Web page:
Lebanon's two top rightists, Falangist leader Pierre Gemayel and Camille Chamoun, head of the National Liberal Party, met near Beirut on Sunday (20 May) to discuss the security situation in the country.
GV PAN FROM: cars on road TO armoured personnel carrier.
SV: troops talking to civilians in front of armoured cars
GVs: land rover and personnel carriers moving into position. (2 shots)
GV AND SV: soldier in armoured vehicle speaking into walkie talkie
GV: Lebanese units protect bulldozer as it moves along road. (2 shots)
GV: bulldozer moving barricade as armoured car keeps guard (3 shots)
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Background: Lebanon's two top rightists, Falangist leader Pierre Gemayel and Camille Chamoun, head of the National Liberal Party, met near Beirut on Sunday (20 May) to discuss the security situation in the country. But although it was recently decided to link the two parties, sporadic fighting between rival right-wing factions continues. Lebanese government troops needed a bulldozer backed by armoured vehicles on Sunday when they cleared a roadblock set up by right-wing forces on the main Beirut-Tripoli highway.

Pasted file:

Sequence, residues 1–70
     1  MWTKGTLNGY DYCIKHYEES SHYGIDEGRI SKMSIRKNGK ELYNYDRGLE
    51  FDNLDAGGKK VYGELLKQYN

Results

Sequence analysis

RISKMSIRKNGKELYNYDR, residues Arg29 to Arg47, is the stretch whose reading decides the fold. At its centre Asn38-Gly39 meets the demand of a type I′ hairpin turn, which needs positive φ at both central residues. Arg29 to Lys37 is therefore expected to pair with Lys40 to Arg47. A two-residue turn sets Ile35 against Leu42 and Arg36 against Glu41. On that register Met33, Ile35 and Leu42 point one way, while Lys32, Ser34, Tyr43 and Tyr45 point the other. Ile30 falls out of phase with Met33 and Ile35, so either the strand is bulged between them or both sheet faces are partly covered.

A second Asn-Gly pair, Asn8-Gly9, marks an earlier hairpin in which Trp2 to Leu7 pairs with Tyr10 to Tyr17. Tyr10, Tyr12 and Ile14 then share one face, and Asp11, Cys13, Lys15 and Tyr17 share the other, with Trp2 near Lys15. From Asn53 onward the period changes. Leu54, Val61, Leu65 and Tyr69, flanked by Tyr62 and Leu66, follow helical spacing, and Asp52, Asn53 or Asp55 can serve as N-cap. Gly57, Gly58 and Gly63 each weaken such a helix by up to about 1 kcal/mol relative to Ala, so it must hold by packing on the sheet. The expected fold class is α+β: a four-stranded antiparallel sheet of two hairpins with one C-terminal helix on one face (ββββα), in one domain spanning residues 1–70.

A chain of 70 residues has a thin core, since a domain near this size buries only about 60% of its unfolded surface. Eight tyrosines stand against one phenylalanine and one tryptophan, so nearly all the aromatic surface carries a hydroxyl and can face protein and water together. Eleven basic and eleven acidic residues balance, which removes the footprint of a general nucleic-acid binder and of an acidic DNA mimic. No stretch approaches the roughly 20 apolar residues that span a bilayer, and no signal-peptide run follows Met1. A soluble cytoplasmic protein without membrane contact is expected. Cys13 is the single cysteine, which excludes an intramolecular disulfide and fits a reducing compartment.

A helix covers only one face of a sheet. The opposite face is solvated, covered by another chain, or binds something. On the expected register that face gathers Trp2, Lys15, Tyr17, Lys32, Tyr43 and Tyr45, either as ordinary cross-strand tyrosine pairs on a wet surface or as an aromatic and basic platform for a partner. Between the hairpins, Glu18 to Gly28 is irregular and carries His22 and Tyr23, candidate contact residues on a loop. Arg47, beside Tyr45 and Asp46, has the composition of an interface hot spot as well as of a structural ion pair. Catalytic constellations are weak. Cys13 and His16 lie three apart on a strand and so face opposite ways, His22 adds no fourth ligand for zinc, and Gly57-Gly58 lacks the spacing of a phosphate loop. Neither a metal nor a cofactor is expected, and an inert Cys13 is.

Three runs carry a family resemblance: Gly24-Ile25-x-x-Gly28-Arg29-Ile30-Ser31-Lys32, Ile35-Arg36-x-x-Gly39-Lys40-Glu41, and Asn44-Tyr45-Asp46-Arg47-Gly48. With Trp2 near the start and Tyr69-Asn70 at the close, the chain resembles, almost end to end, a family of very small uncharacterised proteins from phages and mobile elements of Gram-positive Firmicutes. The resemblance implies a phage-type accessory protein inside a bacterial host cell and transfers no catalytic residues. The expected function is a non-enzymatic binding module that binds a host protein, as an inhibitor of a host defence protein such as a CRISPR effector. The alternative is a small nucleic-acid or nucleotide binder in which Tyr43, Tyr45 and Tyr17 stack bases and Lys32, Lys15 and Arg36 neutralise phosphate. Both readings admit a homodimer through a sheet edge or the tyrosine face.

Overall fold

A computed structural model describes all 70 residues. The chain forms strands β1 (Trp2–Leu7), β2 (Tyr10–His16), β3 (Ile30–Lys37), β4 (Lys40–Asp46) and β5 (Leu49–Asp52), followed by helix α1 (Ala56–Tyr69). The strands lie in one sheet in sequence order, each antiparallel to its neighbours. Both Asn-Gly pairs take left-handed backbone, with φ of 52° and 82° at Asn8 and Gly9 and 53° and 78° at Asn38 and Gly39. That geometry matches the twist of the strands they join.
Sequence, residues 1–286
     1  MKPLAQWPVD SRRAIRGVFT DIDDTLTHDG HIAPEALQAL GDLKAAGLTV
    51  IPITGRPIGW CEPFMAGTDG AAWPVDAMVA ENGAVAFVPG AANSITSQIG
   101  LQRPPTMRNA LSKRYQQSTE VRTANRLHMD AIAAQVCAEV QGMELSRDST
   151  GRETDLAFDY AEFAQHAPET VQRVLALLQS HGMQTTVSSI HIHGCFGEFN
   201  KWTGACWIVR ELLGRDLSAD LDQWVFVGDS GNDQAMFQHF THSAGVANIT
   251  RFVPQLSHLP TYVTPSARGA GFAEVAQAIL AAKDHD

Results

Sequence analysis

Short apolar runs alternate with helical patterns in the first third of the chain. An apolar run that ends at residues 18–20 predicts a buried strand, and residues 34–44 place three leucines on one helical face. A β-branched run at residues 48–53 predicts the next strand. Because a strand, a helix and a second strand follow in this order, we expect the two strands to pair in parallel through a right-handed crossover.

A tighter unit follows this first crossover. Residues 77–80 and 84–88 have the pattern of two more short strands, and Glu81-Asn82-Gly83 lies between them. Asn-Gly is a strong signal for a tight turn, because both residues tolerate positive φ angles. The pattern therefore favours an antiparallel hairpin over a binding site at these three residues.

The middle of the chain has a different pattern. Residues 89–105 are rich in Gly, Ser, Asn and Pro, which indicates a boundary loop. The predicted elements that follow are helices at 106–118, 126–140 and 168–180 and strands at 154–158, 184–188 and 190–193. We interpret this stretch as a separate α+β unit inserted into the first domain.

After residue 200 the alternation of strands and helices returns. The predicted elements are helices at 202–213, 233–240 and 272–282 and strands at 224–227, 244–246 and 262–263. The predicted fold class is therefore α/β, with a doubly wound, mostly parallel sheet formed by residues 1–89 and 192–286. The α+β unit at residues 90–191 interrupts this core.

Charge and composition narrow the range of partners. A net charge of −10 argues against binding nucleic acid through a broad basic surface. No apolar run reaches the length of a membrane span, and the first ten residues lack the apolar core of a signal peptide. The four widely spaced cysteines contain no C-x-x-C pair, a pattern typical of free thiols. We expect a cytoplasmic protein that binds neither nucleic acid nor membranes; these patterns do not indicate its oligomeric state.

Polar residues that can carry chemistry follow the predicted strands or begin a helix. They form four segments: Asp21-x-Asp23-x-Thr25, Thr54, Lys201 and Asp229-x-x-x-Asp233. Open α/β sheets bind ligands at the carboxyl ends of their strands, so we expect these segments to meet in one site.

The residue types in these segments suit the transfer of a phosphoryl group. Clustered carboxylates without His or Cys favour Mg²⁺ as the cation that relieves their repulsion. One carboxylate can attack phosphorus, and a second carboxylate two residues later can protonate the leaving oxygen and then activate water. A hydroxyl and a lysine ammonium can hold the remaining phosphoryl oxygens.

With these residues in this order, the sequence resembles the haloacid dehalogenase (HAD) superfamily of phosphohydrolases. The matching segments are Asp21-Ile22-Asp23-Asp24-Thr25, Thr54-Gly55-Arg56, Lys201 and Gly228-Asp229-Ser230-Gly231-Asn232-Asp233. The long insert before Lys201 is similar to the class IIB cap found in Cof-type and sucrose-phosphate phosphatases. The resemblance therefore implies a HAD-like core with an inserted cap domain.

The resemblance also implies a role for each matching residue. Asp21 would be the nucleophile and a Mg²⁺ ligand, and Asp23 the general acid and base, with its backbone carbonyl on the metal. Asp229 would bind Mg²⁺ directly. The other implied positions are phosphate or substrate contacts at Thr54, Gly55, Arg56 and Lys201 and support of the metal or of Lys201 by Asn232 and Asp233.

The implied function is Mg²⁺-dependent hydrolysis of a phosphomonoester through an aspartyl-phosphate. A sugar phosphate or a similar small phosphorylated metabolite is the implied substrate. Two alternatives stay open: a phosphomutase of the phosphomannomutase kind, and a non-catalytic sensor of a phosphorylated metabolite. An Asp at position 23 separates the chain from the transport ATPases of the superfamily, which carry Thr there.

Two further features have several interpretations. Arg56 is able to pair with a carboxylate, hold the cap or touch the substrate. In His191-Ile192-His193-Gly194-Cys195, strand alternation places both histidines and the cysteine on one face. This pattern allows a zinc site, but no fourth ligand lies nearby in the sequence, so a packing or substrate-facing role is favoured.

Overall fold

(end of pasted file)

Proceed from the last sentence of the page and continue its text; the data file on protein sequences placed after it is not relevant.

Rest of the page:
SYNOPSIS: Traffic on the road between the capital and the major northern city of Tripoli was halted by the roadlock. Lebanese army forces which moved into the area negotiated with the rival rightist groups to reduce the possibility of armed opposition, before bringing in the bulldozer. The Falangist radio in Beirut has reported that government forces also intervened on Sunday (20 May) in Aqoura sixty kilometres (forty miles) north-east of Beirut. The troops moved into the rightist village to separate gunmen after a clash in which three people died.
The army unit deployed to supervise the demolition of the roadblock on the Tabarja-Safra sector of the Beirut-to-Tripoli highway was about fifty strong. Five armoured vehicles supported the bulldozer as it moved into shift the barrier.
Despite the assurances given by the local rightist forces, the Lebanese soldiers remained vigilant as the bulldozer worked. The plan to merge the country's two leading rightist parties came after three days of fighting between their militias. About twenty-five died. Party officials hope that problems that bring fighting and the establishment of road blocks can be settled peacefully as the two sides move towards greater unity.